Unless the theater management says otherwise, he shouldn’t be out of place in a jacket and tie. This last is dressy, but if he’s well-dressed, the gentleman will be looked up to by his fellow patrons rather than looked down upon.
Never wear flip-flops (or anything close) to the theater. This is simple respect: the theater team has spent hours building a set, focusing lights, buying props, rehearsing, cleaning, and nearly hundreds of other little tasks to prepare themselves and their building for your arrival.
They want to look their best for you. If they’ve gone through all that effort, the least the gentleman can do is put on dress shoes, khakis and a necktie.
The same goes for jeans – you wouldn’t wear them to a nice restaurant, would you? Sure they’re there to serve you, to give you what you pay for; but when you respect their space and the atmosphere they want to create by dressing nicely, you are contributing positively to your experience as a customer and their experience as a business.
Not dressing too casually to the theatre is a simple courtesy that will show your gentility to your group of friends, the actors, and the theatre.
Gentility after the Curtain Rises
Gentleman’s etiquette doesn’t end one you’re in your seat; it’s just begun.
Basic common courtesy should dictate how a gentleman acts after the curtain rises. Mobile devices – phones, pagers, blackberries, anything with lights or beeps – should be off. Not silent, off.
If you’re on call for your job, mention this when you make your reservation, and you’ll be surprised how the theatre may accommodate you to seat you on an aisle or near a door (mention these things when making the reservation if you have a preference at all; the night of the show they probably won’t have the flexibility to move your seat).
Once your mobile device is off, be considerate of the performers and your fellow patrons.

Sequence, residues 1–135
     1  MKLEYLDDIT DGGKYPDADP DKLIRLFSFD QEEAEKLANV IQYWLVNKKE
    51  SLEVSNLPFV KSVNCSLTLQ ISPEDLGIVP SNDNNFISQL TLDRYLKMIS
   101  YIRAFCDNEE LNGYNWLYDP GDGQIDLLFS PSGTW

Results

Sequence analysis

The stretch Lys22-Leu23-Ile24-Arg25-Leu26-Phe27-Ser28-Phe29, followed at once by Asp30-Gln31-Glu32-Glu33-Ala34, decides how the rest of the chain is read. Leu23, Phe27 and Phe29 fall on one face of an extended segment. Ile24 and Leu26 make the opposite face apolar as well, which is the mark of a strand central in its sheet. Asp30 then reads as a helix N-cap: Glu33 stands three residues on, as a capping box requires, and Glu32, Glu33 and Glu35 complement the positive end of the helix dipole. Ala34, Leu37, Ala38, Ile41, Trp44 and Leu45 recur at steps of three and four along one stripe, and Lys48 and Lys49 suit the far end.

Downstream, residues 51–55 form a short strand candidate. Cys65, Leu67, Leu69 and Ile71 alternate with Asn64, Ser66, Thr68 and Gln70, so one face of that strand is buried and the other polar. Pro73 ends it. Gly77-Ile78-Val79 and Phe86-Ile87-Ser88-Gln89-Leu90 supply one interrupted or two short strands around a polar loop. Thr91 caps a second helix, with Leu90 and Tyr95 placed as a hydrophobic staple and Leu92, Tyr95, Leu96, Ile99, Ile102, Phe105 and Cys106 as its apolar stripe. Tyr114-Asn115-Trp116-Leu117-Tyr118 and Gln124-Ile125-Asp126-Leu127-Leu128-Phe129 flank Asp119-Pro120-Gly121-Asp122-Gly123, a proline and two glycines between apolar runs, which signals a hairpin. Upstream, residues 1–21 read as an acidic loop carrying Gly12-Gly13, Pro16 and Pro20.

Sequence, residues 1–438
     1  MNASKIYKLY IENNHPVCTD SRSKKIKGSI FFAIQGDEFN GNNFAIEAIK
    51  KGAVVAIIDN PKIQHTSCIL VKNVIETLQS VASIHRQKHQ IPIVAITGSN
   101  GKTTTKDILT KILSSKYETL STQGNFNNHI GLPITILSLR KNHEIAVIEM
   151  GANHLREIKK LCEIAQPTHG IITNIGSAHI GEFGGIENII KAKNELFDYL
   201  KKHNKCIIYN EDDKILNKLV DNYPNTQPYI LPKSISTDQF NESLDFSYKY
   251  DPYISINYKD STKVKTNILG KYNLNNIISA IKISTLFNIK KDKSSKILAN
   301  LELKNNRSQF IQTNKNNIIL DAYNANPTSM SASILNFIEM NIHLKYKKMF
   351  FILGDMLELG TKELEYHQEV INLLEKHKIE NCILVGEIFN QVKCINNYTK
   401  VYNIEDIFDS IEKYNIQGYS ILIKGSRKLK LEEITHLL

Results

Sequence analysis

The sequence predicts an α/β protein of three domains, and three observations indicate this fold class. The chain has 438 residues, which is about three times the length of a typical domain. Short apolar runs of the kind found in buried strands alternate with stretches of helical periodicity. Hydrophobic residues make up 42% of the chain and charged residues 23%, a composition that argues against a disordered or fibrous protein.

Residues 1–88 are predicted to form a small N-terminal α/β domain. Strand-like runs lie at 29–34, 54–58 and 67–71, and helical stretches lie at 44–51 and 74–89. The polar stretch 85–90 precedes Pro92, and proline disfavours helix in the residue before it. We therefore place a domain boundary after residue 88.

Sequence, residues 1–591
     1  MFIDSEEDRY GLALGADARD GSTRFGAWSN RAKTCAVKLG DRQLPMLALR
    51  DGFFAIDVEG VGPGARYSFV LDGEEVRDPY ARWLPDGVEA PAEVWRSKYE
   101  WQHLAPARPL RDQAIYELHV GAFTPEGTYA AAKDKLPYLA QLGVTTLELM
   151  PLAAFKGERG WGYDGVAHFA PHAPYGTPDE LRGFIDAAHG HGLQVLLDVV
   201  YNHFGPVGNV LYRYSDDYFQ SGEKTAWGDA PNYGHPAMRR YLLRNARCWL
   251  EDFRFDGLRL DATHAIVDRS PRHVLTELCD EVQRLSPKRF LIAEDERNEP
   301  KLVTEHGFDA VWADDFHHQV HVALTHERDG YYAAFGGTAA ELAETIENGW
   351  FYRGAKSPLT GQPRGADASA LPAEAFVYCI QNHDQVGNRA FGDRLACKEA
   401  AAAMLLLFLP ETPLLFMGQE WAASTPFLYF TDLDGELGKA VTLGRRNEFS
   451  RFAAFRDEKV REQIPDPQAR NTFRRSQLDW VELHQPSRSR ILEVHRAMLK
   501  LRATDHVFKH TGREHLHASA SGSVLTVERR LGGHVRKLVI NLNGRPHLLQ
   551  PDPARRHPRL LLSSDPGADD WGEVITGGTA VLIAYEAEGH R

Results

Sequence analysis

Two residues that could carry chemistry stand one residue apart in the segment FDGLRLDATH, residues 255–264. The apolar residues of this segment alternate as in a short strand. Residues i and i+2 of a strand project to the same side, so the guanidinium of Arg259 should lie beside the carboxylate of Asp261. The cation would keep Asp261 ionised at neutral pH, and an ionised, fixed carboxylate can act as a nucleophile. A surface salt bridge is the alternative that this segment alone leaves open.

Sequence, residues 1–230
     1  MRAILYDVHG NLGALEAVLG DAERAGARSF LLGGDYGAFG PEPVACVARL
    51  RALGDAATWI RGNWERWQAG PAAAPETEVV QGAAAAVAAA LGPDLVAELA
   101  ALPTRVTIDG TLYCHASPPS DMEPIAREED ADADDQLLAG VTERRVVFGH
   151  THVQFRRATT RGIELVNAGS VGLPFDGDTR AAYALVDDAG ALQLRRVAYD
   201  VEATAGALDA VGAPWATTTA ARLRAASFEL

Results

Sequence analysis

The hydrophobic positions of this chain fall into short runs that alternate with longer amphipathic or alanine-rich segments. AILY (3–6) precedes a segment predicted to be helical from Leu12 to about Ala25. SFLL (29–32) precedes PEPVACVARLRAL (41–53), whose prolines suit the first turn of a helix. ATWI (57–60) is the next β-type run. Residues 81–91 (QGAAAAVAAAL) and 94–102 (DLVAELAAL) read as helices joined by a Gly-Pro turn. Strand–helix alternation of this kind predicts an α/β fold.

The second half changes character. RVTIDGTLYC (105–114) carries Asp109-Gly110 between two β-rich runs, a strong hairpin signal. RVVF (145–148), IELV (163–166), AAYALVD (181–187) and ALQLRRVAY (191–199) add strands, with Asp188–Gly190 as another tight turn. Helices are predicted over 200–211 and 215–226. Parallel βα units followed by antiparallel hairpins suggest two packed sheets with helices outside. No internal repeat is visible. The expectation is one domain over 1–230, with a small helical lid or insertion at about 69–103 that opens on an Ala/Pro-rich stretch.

A gentleman won’t be unwrapping candy or cough drops during the show, he’ll have taken care of that already. He offers his lady his pocket handkerchief if she gets teary-eyed or his jacket if she’s cold. A gentleman will abide the management’s rules regarding food or beverages in the theatre.
At intermission, he’ll visit the concession stand so his lady doesn’t have to stand in line. Some theatres serve wine, and a gentleman won’t overdo it if the evening is wet. At curtain call, he’ll at least politely applaud as long as the audience does; actors are very put off by that one patron who’s sitting with his arms crossed and frowning.
A Gentlemanly Exit from the Theatre
Once the actors exit, it’s time for the gentleman to make a graceful exit himself.
Collect everything you brought – it’s easy to leave a single glove or forget to pick up your man’s custom overcoat from the rack. Sometimes the actors will greet patrons on the way out of the theatre.
There is no disrespect in skipping the line to move on, especially if you have plans afterward. If the gentleman does say hello to the actors, he shakes their hand, looks them in the eye, and says, “thank you,” or, “good show.” He doesn’t hold up the line by engaging an actor in conversation while the rest of the audience waits to shake the actor’s hand.
If he wants to be an even better patron, he’ll spot someone on the theatre staff, approach them, and compliment the theatre before he leaves. He does not complain about the temperature in the theatre or tell them how to adjust their ticket prices.
Patron feedback is important, but not right after a show – these people just spent a substantial portion of their day at the theatre, and they’re tired. The gentleman says that he enjoyed the show, that he’ll be sure to come back, and that he’s telling his friends to come see this play.
The Gentleman is the Best Theatre Patron
Live theatre can be first-rate entertainment, especially when attended with a gentleman. Though manners are supreme in public, some specific insight to the theatre world will distinguish a “fun guy” from a real gentleman.
Use this knowledge to impress those you’re with at the theatre, and you will show them that you aren’t just fun – you’re a gentleman.